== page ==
All things digital
The digital thread, digital twin, and Model-Based Systems Engineering (MBSE) are key enablers that allow program and product managers to reduce both technical and programmatic risk through better business and IT interfaces and more robust collaboration — while getting more visibility on implications from design choices on cost and schedule. This is all about leveraging the virtual to create, simulate and enhance the real.
virtual+digital (v+d) is a technical and business strategy blog which focuses on digitalization, business transformation and enterprise solutions, including (albeit not limited to) data management strategies across the PLM+ERP+MES+CRM stack — a.k.a the 'four cornerstones of manufacturing'.
Our purpose is to inform and debate about the complex choices that leaders and technologists face — in digitalization, business transformation, IT modernisation, MDM strategy, enterprise data integration, operations, governance, organisational change management and other technical and business domains — and the impact of their decisions.
Lifecycle of things
Product Lifecycle Management (PLM) applications are often referred as a 'single system of record' for product data across the product creation lifecycle. Product and process information flows from PLM to downstream systems, namely Enterprise Resource Planning (ERP) and Manufacturing Execution Systems (MES). As products mature throughout their respective lifecycle, the need for close-loop integration increases.
Simply put, the combined digital ecosystem PLM+ERP+MES and its related process portfolio provide creation, strategy alignment and operational backbone of the enterprise, for project teams and supplier base to collaborate. Regulatory compliance and data traceability requires effective integration levels, upstream and downstream across the three platforms and their respective purpose. This includes the need of customer requirement ('voice of the customer') integration, typically handled by Customer Relationship Management (CRM) systems.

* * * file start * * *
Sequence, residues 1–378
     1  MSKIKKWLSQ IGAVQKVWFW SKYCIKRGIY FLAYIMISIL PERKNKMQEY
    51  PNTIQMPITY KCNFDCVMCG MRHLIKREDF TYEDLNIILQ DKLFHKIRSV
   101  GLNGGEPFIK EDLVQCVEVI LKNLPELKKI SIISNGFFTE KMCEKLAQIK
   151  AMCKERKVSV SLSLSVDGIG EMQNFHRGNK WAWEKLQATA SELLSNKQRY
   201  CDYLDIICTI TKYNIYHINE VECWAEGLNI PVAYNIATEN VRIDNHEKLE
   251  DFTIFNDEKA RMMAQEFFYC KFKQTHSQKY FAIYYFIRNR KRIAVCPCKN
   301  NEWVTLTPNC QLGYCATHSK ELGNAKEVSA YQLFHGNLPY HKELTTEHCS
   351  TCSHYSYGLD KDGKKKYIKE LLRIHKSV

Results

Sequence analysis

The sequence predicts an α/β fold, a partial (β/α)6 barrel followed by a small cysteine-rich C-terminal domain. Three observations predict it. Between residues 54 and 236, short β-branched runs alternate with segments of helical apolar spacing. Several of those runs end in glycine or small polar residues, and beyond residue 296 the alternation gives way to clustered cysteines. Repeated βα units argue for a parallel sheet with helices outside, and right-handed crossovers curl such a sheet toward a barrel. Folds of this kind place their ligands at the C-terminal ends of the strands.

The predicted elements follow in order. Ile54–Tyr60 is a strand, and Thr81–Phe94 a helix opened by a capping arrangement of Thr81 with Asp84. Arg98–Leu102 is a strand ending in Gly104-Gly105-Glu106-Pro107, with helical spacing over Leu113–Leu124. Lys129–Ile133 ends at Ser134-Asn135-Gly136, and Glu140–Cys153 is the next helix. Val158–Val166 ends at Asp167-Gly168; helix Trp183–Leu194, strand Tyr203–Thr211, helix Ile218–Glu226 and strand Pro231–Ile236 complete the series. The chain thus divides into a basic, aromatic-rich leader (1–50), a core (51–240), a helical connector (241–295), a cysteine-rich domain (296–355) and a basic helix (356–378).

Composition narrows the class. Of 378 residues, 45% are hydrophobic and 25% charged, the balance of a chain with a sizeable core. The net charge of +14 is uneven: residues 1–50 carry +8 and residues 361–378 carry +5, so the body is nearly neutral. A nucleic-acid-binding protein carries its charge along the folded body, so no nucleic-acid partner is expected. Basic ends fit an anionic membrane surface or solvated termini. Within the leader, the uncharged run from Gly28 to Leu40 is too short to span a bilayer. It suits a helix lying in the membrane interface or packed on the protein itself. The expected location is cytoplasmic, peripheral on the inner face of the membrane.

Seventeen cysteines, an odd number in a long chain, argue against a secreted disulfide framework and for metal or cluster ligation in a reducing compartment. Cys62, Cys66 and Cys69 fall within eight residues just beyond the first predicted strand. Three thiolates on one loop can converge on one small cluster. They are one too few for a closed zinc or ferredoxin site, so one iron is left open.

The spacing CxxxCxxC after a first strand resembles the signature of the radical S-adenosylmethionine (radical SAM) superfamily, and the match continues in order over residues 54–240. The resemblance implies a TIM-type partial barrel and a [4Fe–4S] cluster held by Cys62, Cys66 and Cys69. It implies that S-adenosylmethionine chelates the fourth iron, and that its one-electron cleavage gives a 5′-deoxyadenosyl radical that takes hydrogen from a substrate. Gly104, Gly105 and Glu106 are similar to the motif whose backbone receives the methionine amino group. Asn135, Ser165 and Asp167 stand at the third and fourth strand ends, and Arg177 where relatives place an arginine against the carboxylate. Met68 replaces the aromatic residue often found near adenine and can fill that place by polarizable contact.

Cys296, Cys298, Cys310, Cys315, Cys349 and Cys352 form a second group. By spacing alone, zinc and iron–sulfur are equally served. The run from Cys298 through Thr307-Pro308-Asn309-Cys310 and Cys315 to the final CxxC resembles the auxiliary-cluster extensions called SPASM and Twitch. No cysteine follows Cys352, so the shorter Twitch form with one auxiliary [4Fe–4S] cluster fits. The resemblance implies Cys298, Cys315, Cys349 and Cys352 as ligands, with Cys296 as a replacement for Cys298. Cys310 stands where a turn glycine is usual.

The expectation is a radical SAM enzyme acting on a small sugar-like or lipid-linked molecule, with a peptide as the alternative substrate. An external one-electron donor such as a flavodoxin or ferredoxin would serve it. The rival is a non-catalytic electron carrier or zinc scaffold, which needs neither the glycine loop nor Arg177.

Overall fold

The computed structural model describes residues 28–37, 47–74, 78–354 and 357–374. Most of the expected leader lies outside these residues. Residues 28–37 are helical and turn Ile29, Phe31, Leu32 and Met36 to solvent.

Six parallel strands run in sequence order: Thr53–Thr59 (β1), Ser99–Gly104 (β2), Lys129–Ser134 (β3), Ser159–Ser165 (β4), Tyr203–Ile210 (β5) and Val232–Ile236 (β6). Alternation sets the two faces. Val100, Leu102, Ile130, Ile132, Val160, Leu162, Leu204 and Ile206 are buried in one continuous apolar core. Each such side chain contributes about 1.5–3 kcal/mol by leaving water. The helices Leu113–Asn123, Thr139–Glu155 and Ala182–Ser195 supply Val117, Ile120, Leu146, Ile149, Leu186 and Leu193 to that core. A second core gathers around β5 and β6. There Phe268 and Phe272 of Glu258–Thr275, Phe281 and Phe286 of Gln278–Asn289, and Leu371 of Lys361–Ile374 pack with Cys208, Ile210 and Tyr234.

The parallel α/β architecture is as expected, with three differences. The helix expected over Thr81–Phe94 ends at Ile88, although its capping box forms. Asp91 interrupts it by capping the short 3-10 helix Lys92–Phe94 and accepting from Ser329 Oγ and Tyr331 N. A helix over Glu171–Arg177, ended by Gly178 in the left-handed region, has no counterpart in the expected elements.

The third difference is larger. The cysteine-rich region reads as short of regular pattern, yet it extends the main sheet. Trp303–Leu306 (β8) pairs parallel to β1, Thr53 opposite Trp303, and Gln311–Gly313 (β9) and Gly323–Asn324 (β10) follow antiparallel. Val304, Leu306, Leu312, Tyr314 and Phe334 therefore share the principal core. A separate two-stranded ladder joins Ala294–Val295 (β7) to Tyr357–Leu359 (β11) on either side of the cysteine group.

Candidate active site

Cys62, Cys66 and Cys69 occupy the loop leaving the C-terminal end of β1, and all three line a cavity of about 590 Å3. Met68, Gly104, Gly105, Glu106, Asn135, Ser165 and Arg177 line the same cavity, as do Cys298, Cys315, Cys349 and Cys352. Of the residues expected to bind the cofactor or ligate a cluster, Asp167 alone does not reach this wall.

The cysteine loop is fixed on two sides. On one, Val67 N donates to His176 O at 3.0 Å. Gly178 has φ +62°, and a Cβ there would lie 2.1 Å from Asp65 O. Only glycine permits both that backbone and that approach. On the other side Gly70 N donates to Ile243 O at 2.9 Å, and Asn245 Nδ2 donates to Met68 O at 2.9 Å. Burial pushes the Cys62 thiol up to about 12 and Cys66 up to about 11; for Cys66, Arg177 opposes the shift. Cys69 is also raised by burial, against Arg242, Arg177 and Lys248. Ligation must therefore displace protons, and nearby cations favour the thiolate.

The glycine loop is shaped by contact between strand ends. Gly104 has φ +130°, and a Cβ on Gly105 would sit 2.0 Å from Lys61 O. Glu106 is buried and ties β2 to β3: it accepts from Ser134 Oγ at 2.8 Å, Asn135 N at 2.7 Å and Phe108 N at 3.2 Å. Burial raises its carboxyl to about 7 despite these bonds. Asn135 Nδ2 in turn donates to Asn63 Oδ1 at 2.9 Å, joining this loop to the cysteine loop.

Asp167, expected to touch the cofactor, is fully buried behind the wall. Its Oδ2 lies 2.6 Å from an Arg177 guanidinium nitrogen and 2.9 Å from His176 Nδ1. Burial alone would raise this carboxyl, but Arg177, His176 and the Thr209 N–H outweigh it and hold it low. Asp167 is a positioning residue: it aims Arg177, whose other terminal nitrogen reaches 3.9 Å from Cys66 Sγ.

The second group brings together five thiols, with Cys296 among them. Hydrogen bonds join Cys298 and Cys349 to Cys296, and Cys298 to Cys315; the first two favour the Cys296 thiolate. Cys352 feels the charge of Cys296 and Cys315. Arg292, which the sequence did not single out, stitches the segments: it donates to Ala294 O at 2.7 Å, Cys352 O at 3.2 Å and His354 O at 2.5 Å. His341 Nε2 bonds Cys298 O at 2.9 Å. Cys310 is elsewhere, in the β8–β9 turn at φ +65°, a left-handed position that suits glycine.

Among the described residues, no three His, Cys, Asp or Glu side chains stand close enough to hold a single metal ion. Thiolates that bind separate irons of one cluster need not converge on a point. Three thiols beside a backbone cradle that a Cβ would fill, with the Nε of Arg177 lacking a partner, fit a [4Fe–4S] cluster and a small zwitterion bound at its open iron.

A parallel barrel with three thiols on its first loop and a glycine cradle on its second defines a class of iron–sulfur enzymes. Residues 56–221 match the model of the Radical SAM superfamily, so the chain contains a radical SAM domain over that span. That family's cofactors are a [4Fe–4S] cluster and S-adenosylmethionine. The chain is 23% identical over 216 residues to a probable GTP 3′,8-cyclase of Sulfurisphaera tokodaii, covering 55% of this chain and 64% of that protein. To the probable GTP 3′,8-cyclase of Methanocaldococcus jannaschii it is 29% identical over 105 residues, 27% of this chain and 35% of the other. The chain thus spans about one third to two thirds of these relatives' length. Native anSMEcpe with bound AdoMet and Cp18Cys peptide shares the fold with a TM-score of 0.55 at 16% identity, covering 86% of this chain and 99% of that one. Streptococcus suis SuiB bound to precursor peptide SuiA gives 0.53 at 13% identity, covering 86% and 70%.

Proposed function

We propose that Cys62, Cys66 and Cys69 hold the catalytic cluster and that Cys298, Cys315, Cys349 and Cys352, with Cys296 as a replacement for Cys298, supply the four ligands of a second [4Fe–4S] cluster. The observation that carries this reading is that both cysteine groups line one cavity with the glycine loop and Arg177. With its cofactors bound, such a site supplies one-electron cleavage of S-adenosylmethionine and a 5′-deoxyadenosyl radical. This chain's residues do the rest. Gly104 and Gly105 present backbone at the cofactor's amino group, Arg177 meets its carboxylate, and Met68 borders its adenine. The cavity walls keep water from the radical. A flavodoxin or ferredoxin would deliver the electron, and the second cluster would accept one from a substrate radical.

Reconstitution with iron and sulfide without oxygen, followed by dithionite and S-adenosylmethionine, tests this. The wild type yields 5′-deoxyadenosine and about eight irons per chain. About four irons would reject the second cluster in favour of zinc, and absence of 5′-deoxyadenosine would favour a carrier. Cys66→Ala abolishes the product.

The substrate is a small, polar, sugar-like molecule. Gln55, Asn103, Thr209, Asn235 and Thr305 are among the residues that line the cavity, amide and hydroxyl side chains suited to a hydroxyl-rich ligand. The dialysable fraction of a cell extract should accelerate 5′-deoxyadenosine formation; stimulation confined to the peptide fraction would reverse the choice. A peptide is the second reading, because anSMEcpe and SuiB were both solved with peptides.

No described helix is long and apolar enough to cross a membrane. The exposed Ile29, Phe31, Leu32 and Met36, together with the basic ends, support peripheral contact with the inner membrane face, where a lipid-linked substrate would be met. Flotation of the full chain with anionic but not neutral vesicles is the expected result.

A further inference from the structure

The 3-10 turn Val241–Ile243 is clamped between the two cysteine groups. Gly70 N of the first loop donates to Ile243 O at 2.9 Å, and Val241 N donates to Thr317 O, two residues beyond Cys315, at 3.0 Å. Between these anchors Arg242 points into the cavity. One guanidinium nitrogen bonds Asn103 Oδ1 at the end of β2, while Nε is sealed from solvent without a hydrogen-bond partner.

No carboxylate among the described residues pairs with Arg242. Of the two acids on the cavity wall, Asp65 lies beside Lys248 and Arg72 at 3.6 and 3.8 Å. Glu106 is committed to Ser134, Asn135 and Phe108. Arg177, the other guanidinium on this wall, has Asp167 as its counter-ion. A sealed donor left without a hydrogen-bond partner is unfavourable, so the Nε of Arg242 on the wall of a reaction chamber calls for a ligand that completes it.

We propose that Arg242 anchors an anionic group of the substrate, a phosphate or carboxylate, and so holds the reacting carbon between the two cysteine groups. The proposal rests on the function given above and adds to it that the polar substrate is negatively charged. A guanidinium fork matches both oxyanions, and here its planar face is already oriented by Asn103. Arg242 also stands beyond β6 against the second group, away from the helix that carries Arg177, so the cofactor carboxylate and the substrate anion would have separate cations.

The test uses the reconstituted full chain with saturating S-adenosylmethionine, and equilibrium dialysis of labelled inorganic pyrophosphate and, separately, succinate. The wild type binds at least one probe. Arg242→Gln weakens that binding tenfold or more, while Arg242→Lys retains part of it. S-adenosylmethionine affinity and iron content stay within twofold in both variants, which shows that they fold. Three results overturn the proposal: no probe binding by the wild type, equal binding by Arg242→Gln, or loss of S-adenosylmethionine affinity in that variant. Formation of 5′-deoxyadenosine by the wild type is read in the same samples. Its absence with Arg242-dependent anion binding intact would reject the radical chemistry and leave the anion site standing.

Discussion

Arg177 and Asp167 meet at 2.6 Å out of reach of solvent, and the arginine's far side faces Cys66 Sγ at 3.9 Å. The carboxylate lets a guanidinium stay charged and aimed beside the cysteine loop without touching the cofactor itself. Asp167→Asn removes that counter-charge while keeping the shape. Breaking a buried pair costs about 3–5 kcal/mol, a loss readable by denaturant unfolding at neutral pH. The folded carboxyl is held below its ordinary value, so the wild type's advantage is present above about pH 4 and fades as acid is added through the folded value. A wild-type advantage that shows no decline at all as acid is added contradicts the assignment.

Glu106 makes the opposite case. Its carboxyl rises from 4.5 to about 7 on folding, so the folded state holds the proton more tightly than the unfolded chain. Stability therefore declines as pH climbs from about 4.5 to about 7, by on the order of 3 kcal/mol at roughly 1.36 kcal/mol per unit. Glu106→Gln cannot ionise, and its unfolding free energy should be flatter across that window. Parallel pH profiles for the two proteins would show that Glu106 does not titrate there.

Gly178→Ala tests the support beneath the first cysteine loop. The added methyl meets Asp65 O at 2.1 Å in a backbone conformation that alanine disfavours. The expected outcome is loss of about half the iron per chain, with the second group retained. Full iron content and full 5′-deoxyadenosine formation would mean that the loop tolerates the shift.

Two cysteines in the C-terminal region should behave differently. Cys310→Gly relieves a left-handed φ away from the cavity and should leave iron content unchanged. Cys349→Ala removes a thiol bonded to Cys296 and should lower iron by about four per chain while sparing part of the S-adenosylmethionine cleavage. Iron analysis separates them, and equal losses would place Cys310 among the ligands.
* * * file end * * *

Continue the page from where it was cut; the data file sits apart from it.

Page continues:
Virtual Reality (VR) describes an interactive computter-added experience or immersive simulation of the real, sharing important functional aspects with other things (real or imagined); by contrast of Augmented Reality (AR) which is about overlaying virtual things onto the real. VR immerses users inside virtual worlds, while AR augments the real world with virtual things. Not all virtual objects that are used today are digital models of physical objects, sometimes these objects are new concepts designed for any type of task or information encapsulation.
As technology advances, more and more things appear in digital format; any thing or object, conveniently tagged, may be able to communicate with other objects equally tagged through internet or any other protocols. Broadly speaking, this links to the Internet of Things (IoT) which rely on things communicating with other things or persons. Simply put, virtual objects are digital elements with a specific purpose, comprised of data series and which can perform dedicated actions.
As products and services mature, virtual twins evolve into full digital representations of the real. More and more objects called things which are merely physical start to be seen also in digital format. Digital twins are representations of product or service attributes, informing decision making from ideation to experimentation and service optimization. Digital twins combined with IoT enable communication and integration of physical objects (with each other) and people to automate tasks and improve efficiency.